Robert Swanson, 1947-1999

This is again one of my recent readings from old Red Herring. I had already published a post on Bob Swanson, the co-founder of Genentech. This RH article is not that different and I thought it would be important to mention the story again of Boyer and Swanson and the beginnings of the biotech industry. Here it is.

The cofounder of Genentech also founded an industry.

ON THE OCCASION of their deaths, the founders of technology companies can take some satisfaction that they started something From nothing. The best will be able to claim they founded companies that changed the world, and a lucky few will have built organizations that lasted. But almost no one will be able say they founded a company that created an entire industry. Robert Swanson, who died from brain cancer at his home in Hillsborough, California, on December 6, would be very justified in claiming to have started the biotechnology industry.

DREAMS 0F GENIES

Mr. Swanson was a 29-year-old venture capitalist with the firm that today is Kleiner Perkins Caufield and Byers when he collared Herbert W. Boyer, a scientist at the University of California at San Francisco who was researching recombinant gene therapy. Recombinant DNA is formed when DNA from different sources is combined to create new DNA molecules. Dr. Boyer thought that combining DNA—or gene splicing—would allow scientists to design the proteins necessary to treat particular diseases, and would liberate scientists from trial-and-error methods of protein testing. In 1976, venture capitalists, and even most academics, did not believe in the immediate commercial value of such research. Dr. Boyer himself was uncertain when gene-splicing would be a business. Nevertheless, Mr. Swanson convinced Dr. Boyer to grant him a ten-minute interview. “Here cornes this brash young entrepreneur filled with enthusiasm and ideas and ready to go,” Dr. Boyer says today. “I recognized right away that he had the drive and the understanding.” They formed Genentech, which is generally thought to be the first biotech company, later that year. Twenty-three years later—and in the very winter of Wall Street’s discontent with biotechnology—it is difficult to remember how revolutionary Genentech was. In 1977, Genentech produced the first human protein by splicing a gene with bacteria. Later Genentech created human insulin, the first drug produced by genetic engineering, which it licensed to Ely Lilly for the treatment of diabetes. It was the first biotechnology company to sell a drug it had developed on its own: human growth hormone, for children whose bodies do not produce enough of the hormone. And Genentech was the first biotechnology company to offer its shares in an initial public offering—which, until the Internet boom, was among the most spectacular Wall Street had ever seen. Genentech’s example made biotechnology possible by demonstrating to venture capitalists, entrepreneurs, and scientists that a sustainable business could be based on genetic engineering. Today, there are more than 1,000 biotechnology companies in the United States, and Genentech remains one of the most successful.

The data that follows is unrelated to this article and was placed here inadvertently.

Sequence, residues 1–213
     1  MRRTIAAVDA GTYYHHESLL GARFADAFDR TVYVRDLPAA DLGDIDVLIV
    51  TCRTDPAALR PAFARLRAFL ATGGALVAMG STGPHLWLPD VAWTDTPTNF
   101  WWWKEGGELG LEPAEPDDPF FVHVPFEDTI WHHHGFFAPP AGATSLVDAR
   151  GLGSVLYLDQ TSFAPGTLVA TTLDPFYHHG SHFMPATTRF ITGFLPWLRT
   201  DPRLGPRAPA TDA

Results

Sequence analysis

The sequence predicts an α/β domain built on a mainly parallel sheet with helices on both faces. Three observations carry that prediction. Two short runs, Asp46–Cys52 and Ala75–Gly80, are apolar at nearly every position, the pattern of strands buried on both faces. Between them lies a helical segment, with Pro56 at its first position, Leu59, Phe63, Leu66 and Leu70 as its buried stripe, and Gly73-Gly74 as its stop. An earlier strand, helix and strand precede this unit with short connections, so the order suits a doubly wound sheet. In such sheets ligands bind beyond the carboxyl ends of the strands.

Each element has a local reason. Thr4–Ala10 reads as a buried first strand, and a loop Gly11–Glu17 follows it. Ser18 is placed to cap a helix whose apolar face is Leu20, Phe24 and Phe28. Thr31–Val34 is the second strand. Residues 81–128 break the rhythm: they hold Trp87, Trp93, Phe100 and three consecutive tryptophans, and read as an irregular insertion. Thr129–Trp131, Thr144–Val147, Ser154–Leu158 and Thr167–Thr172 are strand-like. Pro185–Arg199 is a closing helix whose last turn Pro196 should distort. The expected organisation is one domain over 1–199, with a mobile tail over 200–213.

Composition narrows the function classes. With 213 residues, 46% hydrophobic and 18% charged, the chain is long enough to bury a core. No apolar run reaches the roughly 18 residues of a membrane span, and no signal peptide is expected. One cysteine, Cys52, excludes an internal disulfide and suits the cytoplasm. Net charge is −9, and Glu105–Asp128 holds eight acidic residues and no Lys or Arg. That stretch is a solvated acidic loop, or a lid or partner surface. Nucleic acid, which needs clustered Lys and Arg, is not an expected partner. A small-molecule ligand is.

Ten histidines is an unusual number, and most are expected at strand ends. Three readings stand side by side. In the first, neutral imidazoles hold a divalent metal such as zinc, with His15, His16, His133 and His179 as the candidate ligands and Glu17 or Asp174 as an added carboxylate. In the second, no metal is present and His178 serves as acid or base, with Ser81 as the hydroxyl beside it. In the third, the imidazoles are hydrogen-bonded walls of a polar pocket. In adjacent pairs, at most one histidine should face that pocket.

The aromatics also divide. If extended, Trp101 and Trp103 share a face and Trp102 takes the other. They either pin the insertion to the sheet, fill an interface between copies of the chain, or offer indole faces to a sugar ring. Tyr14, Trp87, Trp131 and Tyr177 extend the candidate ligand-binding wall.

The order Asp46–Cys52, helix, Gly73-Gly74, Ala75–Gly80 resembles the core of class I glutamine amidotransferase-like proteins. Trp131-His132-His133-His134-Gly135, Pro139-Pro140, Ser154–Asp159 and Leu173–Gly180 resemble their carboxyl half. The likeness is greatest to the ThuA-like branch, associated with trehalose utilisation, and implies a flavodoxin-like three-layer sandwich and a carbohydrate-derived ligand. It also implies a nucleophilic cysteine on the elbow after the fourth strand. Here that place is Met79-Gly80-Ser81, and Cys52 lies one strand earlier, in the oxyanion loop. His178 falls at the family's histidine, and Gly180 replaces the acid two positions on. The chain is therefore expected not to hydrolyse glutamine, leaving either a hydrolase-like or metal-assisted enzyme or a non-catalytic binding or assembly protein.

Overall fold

INGENEOUS

Mr. Swanson was born in Brooklyn, New York. He attended the Massachusetts Institute of Technology, receiving an undergraduate degree in chemistry and a graduate degree from MIT’s Sloan School of Management. Before becoming a partner at Kleiner Perkins, Mr. Swanson was a VC at Citicorp Venture Capital. He was Genentech’s chief executive from the company’s founding until 1990, and was its chairman from 1990 to 1996. After retiring from Genentech in 1996, Mr. Swanson formed K&E Management, a private investment – management firm. He was also chairman of Tularik, a biotechnology firm that was preparing to go public in mid-December. As an entrepreneur he was courageous, ingenious, stubborn, and slightly crazy. “If you told him that doing something violated the rules of physics, he’d tell you the law must be wrong and you’d almost believe it,” said Arthur D. Levinson, the current chairman of Genentech. Friday afternoons at Genentech were devoted to theme parties, called Ho-hos—on Hawaiian theme days, Genentech’s chairman would invariably don a grass skirt and dance the hula for his employees. Mr. Swanson wished to change the world by commercializing, and therefore making widely available, new drugs based on gene splicing. He got his wish. Last year new pharmaceuticals developed by Genentech scientists (that is to say nothing of established drugs still being sold) earned more than $4 billion in revenues, according to MIT, and saved countless lives—if not, sadly, Mr. Swanson’s own.

Write to jason@redherring.com.

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